Beshear attends celebration held by Boyle schools to recognize Top Ten status
Boyle County Middle School eighth-grader Suzanna Edwards welcomes the governor Thursday in the gymnasium at Boyle County High School during a celebration of the school district¿s success. (Clay Jacksonfirstname.lastname@example.org / December 21, 2012)
Thursday morning, students and staff did just that in a districtwide celebration held at Boyle County High School, complete with the attendance of Gov. Steve Beshear, who warned students of what they would face when they leave the halls of Boyle County.
“The world you’ll be competing in after you leave high school is not just the world of Kentucky. It’s not just the world of the United States. It is, indeed, the world,” he said, adding that he believes they are on their way to being competitive worldwide.
It was the first time all of the district’s 2,700 students were in one place, according to Superintendent Mike LaFavers. That was one of three things he emphasized during the large celebration, which included student volunteers and recognition of each school in the district.
“This has been a tremendous event. We have never brought all 2,700 kids to one place. We’ve never been a top 10 school district. And we’ve never had the governor speak to our entire student body,” he said, sharing that he is proud of the staff and student body.
Students from elementary to high school showcased their knowledge by addressing their classmates and community members in French, English, Spanish and Mandarin Chinese. The pep-rally style event included performances by the Boyle County High School band, choir and cheerleaders.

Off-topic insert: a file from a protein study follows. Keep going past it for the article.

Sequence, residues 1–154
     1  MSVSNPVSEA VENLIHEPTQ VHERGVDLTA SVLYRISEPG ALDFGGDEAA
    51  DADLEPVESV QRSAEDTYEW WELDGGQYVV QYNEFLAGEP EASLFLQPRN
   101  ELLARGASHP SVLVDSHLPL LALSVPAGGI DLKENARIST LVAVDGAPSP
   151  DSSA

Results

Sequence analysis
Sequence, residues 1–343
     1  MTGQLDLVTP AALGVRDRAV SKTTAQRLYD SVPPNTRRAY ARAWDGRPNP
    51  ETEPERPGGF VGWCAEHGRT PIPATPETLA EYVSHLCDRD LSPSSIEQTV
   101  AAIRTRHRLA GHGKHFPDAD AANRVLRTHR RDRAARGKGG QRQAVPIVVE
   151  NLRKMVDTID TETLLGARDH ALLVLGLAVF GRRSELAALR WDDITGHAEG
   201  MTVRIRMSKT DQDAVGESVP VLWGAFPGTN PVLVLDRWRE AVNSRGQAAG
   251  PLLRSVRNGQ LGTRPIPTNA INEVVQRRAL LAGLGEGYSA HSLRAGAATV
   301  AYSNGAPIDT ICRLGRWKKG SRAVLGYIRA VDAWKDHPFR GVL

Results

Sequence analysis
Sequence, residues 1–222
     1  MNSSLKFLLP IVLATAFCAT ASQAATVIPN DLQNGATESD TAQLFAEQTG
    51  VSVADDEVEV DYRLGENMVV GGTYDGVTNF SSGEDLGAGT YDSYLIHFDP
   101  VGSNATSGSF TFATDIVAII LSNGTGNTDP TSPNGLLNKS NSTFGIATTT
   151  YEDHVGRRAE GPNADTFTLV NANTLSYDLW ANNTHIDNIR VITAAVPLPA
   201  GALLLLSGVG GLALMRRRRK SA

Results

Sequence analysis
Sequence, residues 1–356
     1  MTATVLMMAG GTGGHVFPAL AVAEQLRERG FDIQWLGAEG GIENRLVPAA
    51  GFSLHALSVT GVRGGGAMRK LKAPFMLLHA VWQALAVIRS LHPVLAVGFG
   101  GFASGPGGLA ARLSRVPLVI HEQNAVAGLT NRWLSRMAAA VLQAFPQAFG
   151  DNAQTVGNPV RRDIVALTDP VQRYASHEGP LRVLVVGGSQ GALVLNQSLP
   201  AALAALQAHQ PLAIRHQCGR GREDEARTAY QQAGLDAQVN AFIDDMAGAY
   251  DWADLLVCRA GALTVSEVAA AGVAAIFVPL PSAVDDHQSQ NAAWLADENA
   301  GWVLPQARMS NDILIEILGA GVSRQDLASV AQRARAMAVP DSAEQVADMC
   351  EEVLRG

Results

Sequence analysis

Beshear, who was introduced by Olivia Wardrip and Morgan Wilson, elementary students in the district, and expressed that it was the best introduction he had ever received. He then praised students, teachers and any community members present for their role in making the grade.
“You’ve heard that famous saying, ‘It takes a village to raise a child?’ Well, it takes a community to make a great school system,” Beshear said.
Besides earning the designation as a District of Distinction, Assistant Superintendent David Young explained that Boyle County was one of just four districts to have every school score either proficient or distinguished on the state tests.
Each school within the district was then recognized for its achievements, ensuring them all of banners to be hung in their schools. Every banner contains a different message, one that is applicable to the school receiving it.
Perryville Elementary School was acknowledged as the only school in the district to receive the rating of distinguished in testing, ranking it in the 93rd percentile in the state, according to Young.
Before the event, he shared the magnitude of the day on not only the district but the community as a whole.
“The reason it is so special: It is a great way to honor the hard work that our students put in it, and our staff,” Young said. He was encouraged by seeing community members at the event, adding that their presence made it all that much more special.
Despite earning the ranking, Beshear and LaFavers encouraged students to see that their work is not over.
“Let me warn you, with big performances come big expectations,” Beshear said, “You’ve proven to everybody that you can succeed, I want you to do that next year.”
“The next 80 days are the key,” LaFavers said, reminding students to keep working hard in order to achieve the rating next year.
While the event was primarily focused on the academics, athletics, clubs and other organizations also were emphasized to the students, as was community involvement. Laura Elsea and Katie Noelker, student leaders of the “Change of Heart” club, shared with their peers that the district had collected more than 4,100 canned goods. These items will go to benefit the Harvesting Hope Food Pantry and the Backpack Program in the county, which sends food home with children who might otherwise go hungry over the weekend.
As a reward for their efforts in donating items, Boyle County High School teacher Mark Wade agreed to allow a student to throw a pie in his face (See photo gallery).